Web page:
I'm not a proper roadie (although I do sometimes wear lycra). I only got a road bike to help train for mountain biking and adventure racing but I am a fan of gratuitous aerobic exercise and very soon started to hear about the mother of all sportives.
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I got an entry and to begin with the training was going well. Five weeks left; 112 miles isn't that far is it? The hills can't be that big can they?
Training continued; two weekends of weddings and two weeks of ski touring in the alps. Granted, I'll have lost some cycling fitness but I can eat cake and walk up big hills with skis on.
I drive up to the Lakes on Saturday in lashing rain and howling wind but Sunday morning comes and the wind and rain is gone. 1000 riders set off with a certain sense of trepidation. We started at 8am and have to keep reminding ourselves to slow down; it is a long way after all. The first pass is Kirkstone with a 50mph descent of the back; dry-stone walls look sharp at that speed! North we go past Ulswater and get to the A66 just as a big group of club riders catch us. Brilliant, we get into a peloton and the group accelerates us towards Keswick. I get moaned at by a shaven roadie for not taking my turn at the front. (I was to busy stuffing my face to notice - honest)
Halfway up Borrowdale I realise that we've overcooked it; we have been going way faster than my legs will allow. Let the suffering begin.
Honister has never felt so vertical but is over soon enough. We arrive at the first feed station and wolf down some bananas and set off again. Straight round the corner is Newlands Pass; riders are bunched and impatient drivers look frustrated in their cars. My stomach decides it doesn't like banana and ejects it. My legs hurt.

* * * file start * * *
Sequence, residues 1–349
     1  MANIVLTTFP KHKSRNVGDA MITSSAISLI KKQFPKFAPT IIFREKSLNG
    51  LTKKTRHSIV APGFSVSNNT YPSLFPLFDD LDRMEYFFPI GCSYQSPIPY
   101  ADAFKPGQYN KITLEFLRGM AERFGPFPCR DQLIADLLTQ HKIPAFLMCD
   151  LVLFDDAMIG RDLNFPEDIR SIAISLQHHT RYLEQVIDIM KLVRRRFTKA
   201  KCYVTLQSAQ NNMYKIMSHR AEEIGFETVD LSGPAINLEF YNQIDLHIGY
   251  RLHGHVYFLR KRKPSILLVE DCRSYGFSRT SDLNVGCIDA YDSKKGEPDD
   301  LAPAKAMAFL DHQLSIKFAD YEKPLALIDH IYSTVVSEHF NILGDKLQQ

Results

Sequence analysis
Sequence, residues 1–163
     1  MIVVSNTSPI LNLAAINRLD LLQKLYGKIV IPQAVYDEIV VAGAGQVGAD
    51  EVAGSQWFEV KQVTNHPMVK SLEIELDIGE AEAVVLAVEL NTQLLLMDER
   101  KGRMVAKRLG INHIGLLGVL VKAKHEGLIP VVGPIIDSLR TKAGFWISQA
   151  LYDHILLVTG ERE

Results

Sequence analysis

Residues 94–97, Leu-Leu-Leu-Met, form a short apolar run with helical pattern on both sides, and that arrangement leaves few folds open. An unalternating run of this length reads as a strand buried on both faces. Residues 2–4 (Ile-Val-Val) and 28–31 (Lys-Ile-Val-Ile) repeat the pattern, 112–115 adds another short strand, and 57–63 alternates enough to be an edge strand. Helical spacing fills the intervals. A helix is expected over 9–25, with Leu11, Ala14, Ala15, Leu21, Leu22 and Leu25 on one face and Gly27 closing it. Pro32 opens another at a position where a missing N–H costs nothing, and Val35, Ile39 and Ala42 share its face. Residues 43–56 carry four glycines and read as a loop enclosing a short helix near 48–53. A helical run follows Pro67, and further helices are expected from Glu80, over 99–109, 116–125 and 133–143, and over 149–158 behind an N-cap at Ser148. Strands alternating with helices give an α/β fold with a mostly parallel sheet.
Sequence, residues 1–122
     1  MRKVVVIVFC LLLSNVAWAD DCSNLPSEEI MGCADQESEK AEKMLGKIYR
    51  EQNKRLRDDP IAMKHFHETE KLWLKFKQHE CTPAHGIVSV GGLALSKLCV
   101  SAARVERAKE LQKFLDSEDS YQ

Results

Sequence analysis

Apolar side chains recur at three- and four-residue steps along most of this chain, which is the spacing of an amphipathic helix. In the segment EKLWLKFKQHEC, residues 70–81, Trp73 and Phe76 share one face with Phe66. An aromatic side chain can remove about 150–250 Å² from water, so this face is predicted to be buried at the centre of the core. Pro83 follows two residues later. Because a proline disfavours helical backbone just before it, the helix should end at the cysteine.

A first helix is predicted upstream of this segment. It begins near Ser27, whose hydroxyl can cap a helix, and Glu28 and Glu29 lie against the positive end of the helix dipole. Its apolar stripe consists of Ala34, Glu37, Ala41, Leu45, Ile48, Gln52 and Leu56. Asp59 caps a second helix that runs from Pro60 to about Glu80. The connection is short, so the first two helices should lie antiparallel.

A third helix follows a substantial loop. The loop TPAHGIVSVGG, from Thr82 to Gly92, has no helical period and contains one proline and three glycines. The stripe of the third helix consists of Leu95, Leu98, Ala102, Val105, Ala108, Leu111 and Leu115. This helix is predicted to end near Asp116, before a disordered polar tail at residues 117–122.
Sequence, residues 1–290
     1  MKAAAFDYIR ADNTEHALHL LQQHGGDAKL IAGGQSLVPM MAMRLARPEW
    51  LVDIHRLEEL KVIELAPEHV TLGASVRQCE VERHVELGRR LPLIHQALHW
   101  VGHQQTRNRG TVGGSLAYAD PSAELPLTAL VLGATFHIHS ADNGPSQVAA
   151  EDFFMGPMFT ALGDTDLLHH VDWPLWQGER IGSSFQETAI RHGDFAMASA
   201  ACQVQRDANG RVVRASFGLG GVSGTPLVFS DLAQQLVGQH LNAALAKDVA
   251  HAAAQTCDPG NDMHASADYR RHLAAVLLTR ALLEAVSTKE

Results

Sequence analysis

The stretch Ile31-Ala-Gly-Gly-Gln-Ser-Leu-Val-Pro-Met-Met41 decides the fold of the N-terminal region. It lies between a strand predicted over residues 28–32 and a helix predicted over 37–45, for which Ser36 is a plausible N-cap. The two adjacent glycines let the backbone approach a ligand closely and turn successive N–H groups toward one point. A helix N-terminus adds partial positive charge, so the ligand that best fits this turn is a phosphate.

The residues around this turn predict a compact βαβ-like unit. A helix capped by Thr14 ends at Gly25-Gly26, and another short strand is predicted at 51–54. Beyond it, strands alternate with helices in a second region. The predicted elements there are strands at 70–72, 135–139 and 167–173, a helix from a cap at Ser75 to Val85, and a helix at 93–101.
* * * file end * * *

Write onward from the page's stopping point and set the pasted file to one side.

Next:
A bit of flat then over Winlatter. My legs don't work like they used to. Not to worry it's a long cruise down the West coast now. No Passes there.
Oh dear, two more big hills. This is not fun any more. My legs don't work; I can't hold food down to refuel. Roadies are psychos, what bit of this is fun? At least in AR you have Nav and strategy to take your mind off the pain, where is the single-track? Taxi for Mr Morgan please, I want out. Road bike for sale, I will not be doing this again.
Blackberry yoghurt flavoured Torq gels with caffeine. Gross but seem to restore some energy and psych; I am ready for Hardknott and Wrynose. How bad can they be?
Hardknott is vertical. My respect goes out to all those who rode it all, I didn't. Wrynose is a lot shorter and less steep and is the last big hill followed by a long cruise down to Coniston.
Oh the elation of finishing. Discussion turns to how it will be different next year. I'll train harder and smash this year's time. After all what a brilliant and fantastically enjoyable event. Oh the scenery and camaraderie.
I drive back to Sheffield and struggle to sleep because my legs hurt. The next day the kids at school laugh as I struggle to walk up the stairs. The Fred Whitton was definitely the physically hardest thing I have done despite having completed several multi day adventure races. I think it is the sustained nature of the event, there is no stopping to work out where you are going and what you are doing next; just head down and pedal.
It's funny how the elation at the end makes you feel that riding a bike for eight and a half hours is an enjoyable way to spend a Sunday. Next year it will all be different and I'll have trained so hard that it'll feel easy.